Group 9 Created with Sketch. Group 13 Created with Sketch. Pause Created with Sketch. Combined Shape Created with Sketch. Group 12 Created with Sketch. Group 12 Created with Sketch. Shape Created with Sketch. Group 10 Created with Sketch. Shape Created with Sketch. Fill 15 Copy Created with Sketch. Shape Created with Sketch. Group 13 Created with Sketch. Group 16 Created with Sketch. Group 3 Created with Sketch. Group 13 Created with Sketch. Group 16 Created with Sketch. Group 18 Created with Sketch. Group 19 Created with Sketch. Group 21 Created with Sketch. Group 22 Created with Sketch.
|

A picture of health in 2017: The year's top stories

There was no lack of health care policy news in 2017. Congress spent months attempting to repeal and replace the Affordable Care Act. Meanwhile, many California lawmakers and regulators doubled down on healthcare in the Golden State. As Sacramento looked at the best ways to pay for medical care, Southern California counties reacted to disease outbreaks.

Washington tried repeal, Sacramento pushed back

The Trump administration and the Republican majority in Congress tried one method after another to unravel the Affordable Care Act. California pushed back against each of them in administrative offices, the legislature and the courts.

When the Trump administration stopped paying for certain out-of-pocket costs for low-income Americans, Covered California added their cost to a premium surcharge for individual policies bought through the insurance exchange. While that raised premiums, it also guaranteed that the increased cost would be covered by higher federal premium subsidies, which rise along with premiums. When the federal Health and Human Services department cut its open enrollment advertising budget by 90 percent, California went big with $111 million to encourage people to sign up. The federal open enrollment period ended Dec. 15, but Covered California will let people enroll until the end of January. The state legislature codified the longer open enrollment into law for 2019 and beyond.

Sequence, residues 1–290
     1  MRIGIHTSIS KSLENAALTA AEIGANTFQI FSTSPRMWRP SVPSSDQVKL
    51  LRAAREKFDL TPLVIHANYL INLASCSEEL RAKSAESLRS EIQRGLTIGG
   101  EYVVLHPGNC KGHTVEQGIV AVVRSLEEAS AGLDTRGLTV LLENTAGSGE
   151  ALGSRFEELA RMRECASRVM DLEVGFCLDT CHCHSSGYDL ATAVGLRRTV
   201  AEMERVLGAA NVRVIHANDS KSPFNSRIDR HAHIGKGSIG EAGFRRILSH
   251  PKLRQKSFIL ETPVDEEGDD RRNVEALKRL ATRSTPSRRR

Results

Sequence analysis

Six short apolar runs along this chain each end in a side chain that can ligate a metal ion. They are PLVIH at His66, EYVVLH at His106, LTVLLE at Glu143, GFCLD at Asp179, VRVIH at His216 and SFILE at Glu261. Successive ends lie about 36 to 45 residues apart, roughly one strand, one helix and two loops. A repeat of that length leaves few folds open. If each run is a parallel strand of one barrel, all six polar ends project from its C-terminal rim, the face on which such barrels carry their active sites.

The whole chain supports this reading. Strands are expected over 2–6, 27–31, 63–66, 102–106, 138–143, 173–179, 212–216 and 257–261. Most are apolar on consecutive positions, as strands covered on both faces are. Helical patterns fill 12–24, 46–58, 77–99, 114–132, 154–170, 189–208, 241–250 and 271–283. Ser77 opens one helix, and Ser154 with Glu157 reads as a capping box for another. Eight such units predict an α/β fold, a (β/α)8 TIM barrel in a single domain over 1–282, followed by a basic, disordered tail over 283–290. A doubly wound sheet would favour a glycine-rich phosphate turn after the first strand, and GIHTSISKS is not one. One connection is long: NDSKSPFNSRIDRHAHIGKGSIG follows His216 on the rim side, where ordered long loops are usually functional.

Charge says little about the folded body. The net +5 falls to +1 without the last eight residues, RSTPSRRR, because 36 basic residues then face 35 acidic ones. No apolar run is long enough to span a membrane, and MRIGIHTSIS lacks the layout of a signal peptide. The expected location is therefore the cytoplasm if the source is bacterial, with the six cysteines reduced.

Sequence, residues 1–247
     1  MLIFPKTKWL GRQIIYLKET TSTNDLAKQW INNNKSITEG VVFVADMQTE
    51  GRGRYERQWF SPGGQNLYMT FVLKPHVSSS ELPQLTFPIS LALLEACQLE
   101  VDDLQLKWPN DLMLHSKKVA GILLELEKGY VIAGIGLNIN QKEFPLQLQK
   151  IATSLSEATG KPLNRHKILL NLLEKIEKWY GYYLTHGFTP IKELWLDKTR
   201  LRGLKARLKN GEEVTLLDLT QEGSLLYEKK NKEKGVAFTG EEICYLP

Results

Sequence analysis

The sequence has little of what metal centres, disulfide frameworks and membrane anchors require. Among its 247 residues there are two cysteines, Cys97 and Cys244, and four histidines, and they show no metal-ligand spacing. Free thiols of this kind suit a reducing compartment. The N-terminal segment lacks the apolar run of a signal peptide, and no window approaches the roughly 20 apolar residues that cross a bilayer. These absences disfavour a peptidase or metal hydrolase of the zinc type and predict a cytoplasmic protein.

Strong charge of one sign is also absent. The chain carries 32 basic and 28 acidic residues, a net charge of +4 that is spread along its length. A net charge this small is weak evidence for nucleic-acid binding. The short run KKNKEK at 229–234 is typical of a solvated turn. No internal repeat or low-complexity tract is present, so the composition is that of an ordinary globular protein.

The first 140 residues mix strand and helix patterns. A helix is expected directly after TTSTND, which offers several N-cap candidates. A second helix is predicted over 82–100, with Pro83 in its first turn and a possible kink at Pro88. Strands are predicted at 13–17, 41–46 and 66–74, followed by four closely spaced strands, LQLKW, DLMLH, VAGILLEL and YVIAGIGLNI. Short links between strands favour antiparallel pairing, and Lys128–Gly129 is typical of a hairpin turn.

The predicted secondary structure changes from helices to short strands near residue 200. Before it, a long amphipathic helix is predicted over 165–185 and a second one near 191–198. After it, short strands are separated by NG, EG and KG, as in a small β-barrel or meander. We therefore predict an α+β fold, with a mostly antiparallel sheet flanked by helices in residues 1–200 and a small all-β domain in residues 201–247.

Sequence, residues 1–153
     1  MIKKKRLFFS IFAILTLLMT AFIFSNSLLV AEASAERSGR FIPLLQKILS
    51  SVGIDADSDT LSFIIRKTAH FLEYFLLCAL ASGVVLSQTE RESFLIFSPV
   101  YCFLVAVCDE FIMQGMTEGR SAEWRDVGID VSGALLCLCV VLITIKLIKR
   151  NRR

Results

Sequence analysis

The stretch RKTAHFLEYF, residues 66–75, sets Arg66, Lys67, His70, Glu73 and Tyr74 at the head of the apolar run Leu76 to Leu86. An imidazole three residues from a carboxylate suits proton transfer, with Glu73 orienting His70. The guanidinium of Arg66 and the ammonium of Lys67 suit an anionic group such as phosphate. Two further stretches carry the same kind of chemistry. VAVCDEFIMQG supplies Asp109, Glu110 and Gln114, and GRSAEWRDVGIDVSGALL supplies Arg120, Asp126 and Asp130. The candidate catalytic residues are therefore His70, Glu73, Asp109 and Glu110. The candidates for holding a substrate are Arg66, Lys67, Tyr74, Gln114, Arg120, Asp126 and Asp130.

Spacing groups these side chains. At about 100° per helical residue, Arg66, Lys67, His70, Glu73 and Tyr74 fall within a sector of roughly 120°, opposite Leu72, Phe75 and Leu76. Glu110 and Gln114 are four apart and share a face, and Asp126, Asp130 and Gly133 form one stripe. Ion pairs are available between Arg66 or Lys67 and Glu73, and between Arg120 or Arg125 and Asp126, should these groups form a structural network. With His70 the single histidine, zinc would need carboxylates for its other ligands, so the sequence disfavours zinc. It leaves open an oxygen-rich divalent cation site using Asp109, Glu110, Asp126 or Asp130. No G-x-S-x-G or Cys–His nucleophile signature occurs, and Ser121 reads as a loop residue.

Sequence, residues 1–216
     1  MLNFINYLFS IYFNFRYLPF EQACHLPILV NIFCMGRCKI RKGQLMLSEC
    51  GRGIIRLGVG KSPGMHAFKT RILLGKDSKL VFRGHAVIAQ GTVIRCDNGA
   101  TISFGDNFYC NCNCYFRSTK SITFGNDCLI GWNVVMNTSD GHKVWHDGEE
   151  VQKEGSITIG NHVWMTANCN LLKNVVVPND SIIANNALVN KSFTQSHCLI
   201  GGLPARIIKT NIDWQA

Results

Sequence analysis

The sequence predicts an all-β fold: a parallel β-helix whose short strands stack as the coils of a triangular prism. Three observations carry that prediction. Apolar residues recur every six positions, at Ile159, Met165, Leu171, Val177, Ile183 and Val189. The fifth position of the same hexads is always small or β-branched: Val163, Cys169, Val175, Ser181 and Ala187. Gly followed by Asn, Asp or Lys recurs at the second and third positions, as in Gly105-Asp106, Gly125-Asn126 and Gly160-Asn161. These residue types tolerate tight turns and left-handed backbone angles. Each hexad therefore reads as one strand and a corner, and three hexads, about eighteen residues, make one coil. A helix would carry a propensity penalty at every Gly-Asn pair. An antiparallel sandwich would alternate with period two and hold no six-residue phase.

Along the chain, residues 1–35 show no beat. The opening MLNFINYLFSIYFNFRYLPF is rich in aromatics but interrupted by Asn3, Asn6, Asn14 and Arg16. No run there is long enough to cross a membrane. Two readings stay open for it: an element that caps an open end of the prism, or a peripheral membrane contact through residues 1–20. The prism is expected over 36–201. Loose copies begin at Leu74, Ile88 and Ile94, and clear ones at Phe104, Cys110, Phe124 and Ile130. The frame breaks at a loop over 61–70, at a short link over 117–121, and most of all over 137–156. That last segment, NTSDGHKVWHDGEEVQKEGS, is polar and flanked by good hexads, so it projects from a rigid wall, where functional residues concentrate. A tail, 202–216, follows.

Of course, not every Californian is a fan of Obamacare. The state's House Republican representatives voted overwhelmingly in favor of a repeal effort in May. Those votes added fuel to the fire for organizers working to unseat them in coming elections. 

Universal health care gained momentum

The state Senate approved a bill that would create a single-payer health care program in California. Assembly Speaker Anthony Rendon shelved it, calling the measure "woefully incomplete." An Assembly select committee met three times this fall to discuss models designed to achieve universal coverage, of which single payer is one. The repeal of the Obamacare individual mandate in the recently-passed federal tax bill may further energize grassroots organizers who continue to lobby in favor of universal care in California. The issue is expected to play a role in the 2018 gubernatorial race.

Drug transparency, not so fast

Governor Jerry Brown signed the most far-reaching prescription drug transparency law in the country in August. The law requires drug makers to disclose and justify price hikes of 16 percent or more over a two-year period. Lawmakers believe it will force down drug costs. The Pharmaceutical Research and Manufacturers of America, an industry group that represents drug companies, is suing to block the law, arguing that it's unclear and an example of government overreach.

Use a condom

That's the main message from the state health department as the rates of sexually transmitted infections grew for the third year in a row. Transmission of chlamydia, gonorrhea and syphilis are on the rise in California. Meanwhile, UCLA researchers have created a genetic test to help find better treatment for antibiotic resistant strains of gonorrhea.

Hep A outbreak

Governor Jerry Brown declared a state of emergency after hundreds of cases of hepatitis A were found in San Diego and the outbreak spread, though in much smaller numbers, to Los Angeles. Cases of the disease are largely among California's growing homeless population. Health officials are fighting back with vaccination programs and the L.A. City Council is leveraging emergency funding for more public bathrooms.